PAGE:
Tile Grid Maps

Have you ever had one of those “of course I can do that in QlikView” moments? As a Qlik developer it’s not uncommon to find yourself struggling to create a chart or pull off a complex script that nobody asked for, but for some strange reason, you decided to tas a personal challenge. Well, I just had one of those moments.


I couple of days ago I was wandering around my usual blogs when I found a post by Alberto Cairo  where he talked about an interactive visualization created by the FiveThirtyEight team regarding the political preferences in the United States. [By the way, if you don’t follow those blogs you are missing a lot of great stuff!]


Besides being a stunning way to present What-If scenarios, I liked the usage of the Tile Grid Maps, which have become a pretty popular visualization lately. What is a Tile Grid Map, you ask? Well, think of it as a mix between a choropleth map and a table heat map. If you want to see more examples, you can visit Bloomberg, The Washington Post or The New York Times.25_30

It is true that most of the times we strive for more accurate charts but ironically, this technique’s boon is that it disregards the actual size of the regions and translates them to equal-sized shapes (in this case, squares) so it becomes easier to see even the smallest areas. Therefore, this solution is excellent when the geographic size is not the most important thing, but maintaining a loose spatial distribution is.

So anyways… In today’s tutorial we’ll build something like this:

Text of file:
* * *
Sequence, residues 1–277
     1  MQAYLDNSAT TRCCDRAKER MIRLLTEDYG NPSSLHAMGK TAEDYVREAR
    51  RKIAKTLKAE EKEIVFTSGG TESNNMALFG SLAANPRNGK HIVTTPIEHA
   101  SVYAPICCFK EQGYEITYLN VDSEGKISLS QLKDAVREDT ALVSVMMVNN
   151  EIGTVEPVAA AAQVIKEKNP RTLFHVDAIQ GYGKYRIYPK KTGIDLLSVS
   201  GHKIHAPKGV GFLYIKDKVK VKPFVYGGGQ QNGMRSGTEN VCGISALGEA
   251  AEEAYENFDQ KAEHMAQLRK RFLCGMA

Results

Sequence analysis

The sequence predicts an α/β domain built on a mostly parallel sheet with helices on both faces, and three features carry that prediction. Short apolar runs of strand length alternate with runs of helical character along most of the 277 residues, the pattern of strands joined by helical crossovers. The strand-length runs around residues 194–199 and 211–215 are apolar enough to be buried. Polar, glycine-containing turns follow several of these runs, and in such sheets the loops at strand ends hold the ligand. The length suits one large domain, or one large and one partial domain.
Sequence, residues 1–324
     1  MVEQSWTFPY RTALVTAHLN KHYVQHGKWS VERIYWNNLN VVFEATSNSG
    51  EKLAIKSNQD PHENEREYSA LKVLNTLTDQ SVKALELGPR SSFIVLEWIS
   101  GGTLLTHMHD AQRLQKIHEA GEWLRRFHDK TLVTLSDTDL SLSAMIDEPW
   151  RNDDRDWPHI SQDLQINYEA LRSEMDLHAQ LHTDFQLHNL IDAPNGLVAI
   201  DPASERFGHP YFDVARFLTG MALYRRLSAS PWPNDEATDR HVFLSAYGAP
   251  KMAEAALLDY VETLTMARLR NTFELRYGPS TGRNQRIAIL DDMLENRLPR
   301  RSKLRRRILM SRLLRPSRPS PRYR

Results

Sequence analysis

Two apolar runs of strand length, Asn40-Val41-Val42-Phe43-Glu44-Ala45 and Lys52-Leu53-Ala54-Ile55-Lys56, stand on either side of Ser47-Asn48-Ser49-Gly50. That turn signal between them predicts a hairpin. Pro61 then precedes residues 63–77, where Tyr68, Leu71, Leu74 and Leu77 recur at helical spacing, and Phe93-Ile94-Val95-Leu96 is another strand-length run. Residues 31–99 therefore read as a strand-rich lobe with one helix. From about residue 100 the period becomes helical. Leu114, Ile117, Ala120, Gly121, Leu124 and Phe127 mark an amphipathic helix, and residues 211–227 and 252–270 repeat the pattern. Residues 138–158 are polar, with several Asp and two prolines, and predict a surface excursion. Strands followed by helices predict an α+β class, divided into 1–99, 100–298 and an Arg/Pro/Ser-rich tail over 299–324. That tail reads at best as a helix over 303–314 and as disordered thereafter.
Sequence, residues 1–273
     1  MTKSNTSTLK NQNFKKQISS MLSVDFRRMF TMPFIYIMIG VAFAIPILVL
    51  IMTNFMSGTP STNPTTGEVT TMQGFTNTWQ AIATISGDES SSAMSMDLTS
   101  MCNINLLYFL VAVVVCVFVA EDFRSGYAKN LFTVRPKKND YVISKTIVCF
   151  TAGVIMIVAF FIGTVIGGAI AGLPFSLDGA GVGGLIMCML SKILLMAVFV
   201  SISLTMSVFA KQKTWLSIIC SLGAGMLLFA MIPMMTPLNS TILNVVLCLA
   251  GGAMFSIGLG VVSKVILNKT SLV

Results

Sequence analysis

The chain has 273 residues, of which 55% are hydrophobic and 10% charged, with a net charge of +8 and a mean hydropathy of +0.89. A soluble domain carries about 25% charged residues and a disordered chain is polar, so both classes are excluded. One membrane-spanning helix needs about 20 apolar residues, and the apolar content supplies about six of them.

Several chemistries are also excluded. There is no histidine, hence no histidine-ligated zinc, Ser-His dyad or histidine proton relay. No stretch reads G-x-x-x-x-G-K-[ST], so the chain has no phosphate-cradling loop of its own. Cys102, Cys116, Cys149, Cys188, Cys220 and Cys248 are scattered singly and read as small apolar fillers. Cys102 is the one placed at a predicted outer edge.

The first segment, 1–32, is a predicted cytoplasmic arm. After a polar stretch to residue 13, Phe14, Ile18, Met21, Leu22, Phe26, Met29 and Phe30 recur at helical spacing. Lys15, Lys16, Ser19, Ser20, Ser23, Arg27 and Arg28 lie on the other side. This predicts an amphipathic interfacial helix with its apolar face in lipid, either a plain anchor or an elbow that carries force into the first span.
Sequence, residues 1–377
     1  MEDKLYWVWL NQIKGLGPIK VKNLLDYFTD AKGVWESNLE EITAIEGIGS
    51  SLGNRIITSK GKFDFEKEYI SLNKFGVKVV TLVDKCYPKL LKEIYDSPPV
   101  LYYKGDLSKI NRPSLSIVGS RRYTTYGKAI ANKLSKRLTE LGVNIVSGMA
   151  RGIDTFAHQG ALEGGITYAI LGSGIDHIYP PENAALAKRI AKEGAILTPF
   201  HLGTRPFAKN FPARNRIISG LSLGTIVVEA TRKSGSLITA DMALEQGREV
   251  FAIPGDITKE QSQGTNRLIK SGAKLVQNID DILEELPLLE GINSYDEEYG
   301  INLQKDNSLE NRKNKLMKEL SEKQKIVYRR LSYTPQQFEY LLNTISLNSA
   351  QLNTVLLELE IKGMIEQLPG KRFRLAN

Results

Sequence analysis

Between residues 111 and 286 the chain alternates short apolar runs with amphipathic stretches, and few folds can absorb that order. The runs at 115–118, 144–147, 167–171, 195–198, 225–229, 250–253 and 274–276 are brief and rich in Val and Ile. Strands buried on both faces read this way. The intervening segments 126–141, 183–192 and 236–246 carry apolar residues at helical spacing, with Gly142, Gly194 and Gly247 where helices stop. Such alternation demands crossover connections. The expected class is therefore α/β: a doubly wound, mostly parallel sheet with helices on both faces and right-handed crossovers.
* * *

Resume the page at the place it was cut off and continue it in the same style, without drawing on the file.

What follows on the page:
Note: Most of the information presented here was taken from FiveThirtyEight’s post. I think those figures date from 2012 and since American politics isn’t amongst my favorite topics, I didn’t look for fresh data. Sorry about that.

As usual, you can find the QVW and data sources here.


1.- Let’s start by creating the skeleton of the map using a simple spreadsheet. You just need to create a matrix and arrange all the states as if you were playing Battleship.


[Some of my colleagues didn’t get that explanation… I’m feeling a little old now…]

2.- Create a new QlikView document and load this table using the CrossTable wizard (or just add the prefix manually).


3.- Load the rest of your data as usual.


4.- Create a Pivot Table using Row and Column as dimensions and only(State_ID) as expression.

5.- Go to the Presentation tab and select Always Fully Expanded.


6.- Drag and drop the Column column in order to create a cross table (that sounded weird).


7.- Select Wrap Cell Text in the Presentation tab. While there, adjust the alignment of the cells as well.


8.- Let’s get rid of those annoying NULLs by opening the Presentation tab (again) and changing the symbols in the lower left corner to spaces.


9.- Now, in order to clean our visualization perform the following actions:

  • Caption: Disable Show Caption
  • Layout: Disable Use Borders
  • Style: Set Cell Borders Transparency to 100%


10.- Since we are working with a Pivot Table, we cannot simply suppress the header row and hide the first column so it’s time for the nasty tricks. Activate the Design Grid (Ctrl + G) and right click on the header of the first column (the gray cell). Select the Custom Format Cell option and change the Background and Text colors to white.


11.- Perform the same steps with the first row (right click on any of the numbers) and the first column (right click on any of the letters). Your table should look like this: